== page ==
Bel Ami is a sumptuous transposition to the screen (by no means the first) of Guy de Maupassant's fin de siecle Parisian novel starring Robert Pattinson as Georges Duroy, the dissolute French soldier who rises to the top of society and journalism by the simple expedient of sleeping with the wives of his employers.
These three married lovers are played by Uma Thurman, sly, slinky and smouldering as the political editor's wife, who writes Georges' articles for him; Kristin Scott Thomas, giving a brilliant performance of vulnerability thawing into hysterical abandon as the editor's wife, whom he seduces in church and viciously rejects partly in order to marry her daughter; and Christina Ricci, foxy and flirtatious as the deeply attractive Clotilde, whom he loves above all the others, and whose pert little daughter dubs him "bel ami."
It's a deeply sour tale of having your cake and eating it, and it's beautifully played and sumptuously costumed. And you can't fail to notice in these rocky days for newspaper ethics, that Georges moves sideways from his diary of a cavalryman in the Algerian war to head of gossip on the broadsheet; he draws a line, though, at taking his share of the profits when war-mongering becomes a sort of insider trading.
Donnellan and Ormerod ran a five-week rehearsal period before they even got on the studio floor, and it shows. The music swells, but not all the time; you can hear the actors breathe, the long dresses rustle, the symbolic cockroach scuttle across Georges' attic before he pummels it to death.
As a debut movie, and made for the comparative pittance of nine million euros, it's almost indecently good and highly accomplished. And although Pattinson twitches his nostrils a little too often, he's spot on as the louche lothario.
The set-piece scenes, too, in low taverns and high society, are a vigorous swirl of colour and choreography, studded with sharp performances all round. Nice to see little nuggety vignettes from Timothy Walker (an early Cheek by Jowl stalwart) as a lawyer and Christopher Fulford as a police officer.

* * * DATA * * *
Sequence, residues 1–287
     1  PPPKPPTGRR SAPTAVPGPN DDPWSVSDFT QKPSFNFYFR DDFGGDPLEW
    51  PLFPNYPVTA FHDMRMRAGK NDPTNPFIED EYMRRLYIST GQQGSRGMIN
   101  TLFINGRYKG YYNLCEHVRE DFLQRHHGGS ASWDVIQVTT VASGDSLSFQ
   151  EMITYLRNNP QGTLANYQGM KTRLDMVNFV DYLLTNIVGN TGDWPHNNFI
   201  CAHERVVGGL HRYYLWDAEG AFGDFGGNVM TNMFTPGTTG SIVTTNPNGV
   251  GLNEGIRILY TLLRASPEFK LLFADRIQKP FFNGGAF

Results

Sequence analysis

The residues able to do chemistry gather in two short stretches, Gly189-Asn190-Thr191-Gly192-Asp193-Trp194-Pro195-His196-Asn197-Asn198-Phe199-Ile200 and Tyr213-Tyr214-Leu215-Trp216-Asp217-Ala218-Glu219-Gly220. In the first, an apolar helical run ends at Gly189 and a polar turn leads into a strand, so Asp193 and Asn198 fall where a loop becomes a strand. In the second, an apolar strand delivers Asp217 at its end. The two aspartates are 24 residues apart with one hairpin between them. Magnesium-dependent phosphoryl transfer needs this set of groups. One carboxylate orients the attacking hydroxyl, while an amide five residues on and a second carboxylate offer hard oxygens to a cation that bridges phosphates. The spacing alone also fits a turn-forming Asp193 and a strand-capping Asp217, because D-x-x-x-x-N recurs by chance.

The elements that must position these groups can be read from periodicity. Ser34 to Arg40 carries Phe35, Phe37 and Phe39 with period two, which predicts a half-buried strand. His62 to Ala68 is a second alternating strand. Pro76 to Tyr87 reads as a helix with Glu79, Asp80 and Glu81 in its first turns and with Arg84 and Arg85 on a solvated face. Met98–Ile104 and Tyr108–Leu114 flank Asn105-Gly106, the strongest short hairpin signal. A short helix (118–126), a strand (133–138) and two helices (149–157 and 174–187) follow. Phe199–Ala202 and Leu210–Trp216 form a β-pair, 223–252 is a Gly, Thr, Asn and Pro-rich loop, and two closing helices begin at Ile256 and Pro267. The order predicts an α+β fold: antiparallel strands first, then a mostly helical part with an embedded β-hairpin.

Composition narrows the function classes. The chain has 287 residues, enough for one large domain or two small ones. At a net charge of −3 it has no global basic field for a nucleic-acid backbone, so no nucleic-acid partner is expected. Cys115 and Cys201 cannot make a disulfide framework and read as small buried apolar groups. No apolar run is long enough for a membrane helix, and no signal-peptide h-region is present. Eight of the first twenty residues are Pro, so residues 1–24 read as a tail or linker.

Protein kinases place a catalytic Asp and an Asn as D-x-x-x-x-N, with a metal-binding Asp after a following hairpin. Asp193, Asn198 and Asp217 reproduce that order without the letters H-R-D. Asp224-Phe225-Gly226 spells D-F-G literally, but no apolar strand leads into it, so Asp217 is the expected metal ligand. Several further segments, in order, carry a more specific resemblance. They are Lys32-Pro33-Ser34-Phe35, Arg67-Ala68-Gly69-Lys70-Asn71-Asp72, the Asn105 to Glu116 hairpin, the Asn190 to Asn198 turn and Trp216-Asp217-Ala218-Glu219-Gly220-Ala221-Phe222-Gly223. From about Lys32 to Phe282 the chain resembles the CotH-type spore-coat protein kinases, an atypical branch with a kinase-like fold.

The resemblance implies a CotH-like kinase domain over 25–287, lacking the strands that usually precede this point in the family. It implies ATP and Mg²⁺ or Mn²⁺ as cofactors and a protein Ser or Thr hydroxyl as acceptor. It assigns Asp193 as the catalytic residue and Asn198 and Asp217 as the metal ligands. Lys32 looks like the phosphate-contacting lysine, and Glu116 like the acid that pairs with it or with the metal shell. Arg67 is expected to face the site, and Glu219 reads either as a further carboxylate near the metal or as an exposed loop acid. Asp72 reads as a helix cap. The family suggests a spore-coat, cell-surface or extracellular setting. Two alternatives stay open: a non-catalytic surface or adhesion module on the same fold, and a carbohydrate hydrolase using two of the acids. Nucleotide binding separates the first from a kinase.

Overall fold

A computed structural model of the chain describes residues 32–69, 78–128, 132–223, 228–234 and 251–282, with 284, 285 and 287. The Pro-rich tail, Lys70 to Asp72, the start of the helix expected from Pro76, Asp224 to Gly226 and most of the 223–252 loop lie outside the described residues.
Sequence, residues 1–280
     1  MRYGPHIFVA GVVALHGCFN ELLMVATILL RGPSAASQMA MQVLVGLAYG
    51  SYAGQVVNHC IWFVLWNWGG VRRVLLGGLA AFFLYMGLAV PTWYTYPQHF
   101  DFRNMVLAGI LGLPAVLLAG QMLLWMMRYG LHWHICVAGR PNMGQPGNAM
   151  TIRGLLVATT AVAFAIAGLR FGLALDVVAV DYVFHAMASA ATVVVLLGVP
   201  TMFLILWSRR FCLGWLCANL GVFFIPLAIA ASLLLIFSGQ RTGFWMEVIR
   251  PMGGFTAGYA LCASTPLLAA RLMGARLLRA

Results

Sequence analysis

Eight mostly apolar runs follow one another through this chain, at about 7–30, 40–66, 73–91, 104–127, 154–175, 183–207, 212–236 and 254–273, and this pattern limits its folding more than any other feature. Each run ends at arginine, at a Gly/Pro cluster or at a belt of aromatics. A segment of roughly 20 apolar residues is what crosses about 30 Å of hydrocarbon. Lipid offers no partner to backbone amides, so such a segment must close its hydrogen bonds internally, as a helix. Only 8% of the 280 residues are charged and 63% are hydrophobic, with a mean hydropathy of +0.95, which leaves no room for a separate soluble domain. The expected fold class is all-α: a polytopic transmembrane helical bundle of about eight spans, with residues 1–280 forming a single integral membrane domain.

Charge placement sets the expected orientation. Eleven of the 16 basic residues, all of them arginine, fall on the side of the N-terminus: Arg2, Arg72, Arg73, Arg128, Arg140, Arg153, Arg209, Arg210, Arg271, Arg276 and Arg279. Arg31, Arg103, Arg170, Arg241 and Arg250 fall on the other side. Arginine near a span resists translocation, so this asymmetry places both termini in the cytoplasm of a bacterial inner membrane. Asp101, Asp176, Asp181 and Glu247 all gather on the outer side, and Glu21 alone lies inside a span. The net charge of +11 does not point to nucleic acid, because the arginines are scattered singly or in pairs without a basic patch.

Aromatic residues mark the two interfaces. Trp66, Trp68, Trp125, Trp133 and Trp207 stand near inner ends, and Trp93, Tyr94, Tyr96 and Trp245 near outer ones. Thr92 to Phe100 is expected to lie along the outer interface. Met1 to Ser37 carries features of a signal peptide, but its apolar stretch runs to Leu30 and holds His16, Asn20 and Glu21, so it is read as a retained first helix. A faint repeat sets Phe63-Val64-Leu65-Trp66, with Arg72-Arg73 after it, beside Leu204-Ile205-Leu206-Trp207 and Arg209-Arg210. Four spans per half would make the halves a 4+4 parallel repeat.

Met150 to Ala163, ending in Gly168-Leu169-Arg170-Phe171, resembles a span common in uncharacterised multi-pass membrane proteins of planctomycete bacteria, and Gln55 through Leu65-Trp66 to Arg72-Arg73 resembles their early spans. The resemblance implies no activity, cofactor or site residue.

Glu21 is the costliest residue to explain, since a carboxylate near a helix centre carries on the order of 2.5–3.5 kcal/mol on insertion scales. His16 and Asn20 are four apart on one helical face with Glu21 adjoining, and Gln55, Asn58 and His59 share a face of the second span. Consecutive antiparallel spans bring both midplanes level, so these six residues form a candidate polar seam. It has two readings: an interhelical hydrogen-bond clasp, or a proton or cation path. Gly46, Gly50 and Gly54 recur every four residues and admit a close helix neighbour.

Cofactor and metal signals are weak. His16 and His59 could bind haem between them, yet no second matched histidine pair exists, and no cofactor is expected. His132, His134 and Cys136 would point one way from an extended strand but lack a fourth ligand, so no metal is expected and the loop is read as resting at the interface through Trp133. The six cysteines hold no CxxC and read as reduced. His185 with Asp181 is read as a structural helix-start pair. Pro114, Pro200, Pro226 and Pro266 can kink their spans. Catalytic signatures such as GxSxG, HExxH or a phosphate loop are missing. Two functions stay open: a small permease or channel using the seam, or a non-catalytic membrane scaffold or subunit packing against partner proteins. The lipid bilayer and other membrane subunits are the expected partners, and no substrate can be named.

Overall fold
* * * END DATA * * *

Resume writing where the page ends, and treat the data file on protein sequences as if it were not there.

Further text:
There's a magnificent deathbed scene when Georges goes to comfort Uma Thurman's almost-widow as Philip Glenister coughs up his last on the coast at Cannes. And the interiors and location shots (Budapest stands in for Paris) are a continuous delight.
Who'd have thought it: the Jowlies go to the movies? There were Jowly nice tea and cakes in the Charlotte Street Hotel beforehand, too, and the room soon filled with the likes of Celia Imrie, Matthew Macfadyen (much bigger and burlier "off" than I expected), Phoebe Waller-Bridge (en route to Hay Fever at the Noel Coward), Adrian Lester, David Collings and Lydia Wilson (en route to the current Jowly blast of 'Tis Pity She's a Whore at the Barbican Silk Street) and - at last I could declare my undying devotion and admiration - Martha Kearney of BBC Radio 4's The World at One.
Bel Ami goes on release on Friday week, so I imagine the film critics have seeen it, though the Evening Standard's David Sexton was riffling the pages of his notebook with serious intent in the depths of the cosy screening theatre.
Oddly, there were two other Standard journos on hand, Nick Curtis and Liz Hoggard, while Kate Bassett kept the theatre critics' flag flying. I was sitting directly behind television newsreader and Beethoven wallah John Suchet, who has a very full head of hair, unfortunately; a lot thicker than his brother's, that's for sure. Gosh, I wonder how David is coming along on tour as bullyboy James Tyrone in Long Day's Journey Into Night?
Now they've made a film, Declan and Nick definitely have a taste for it. But they are adamant about sticking with their company, both in London and Russia. One new experience: they were phoned by the Hugo Boss people asking if they might dress them for the Berlin Film Festival.
When the red carpet pictures went up on the internet, they received some joshing remarks from their Russian actors, including one they refuse to take to heart: "No more big baggy jumpers at rehearsals, please."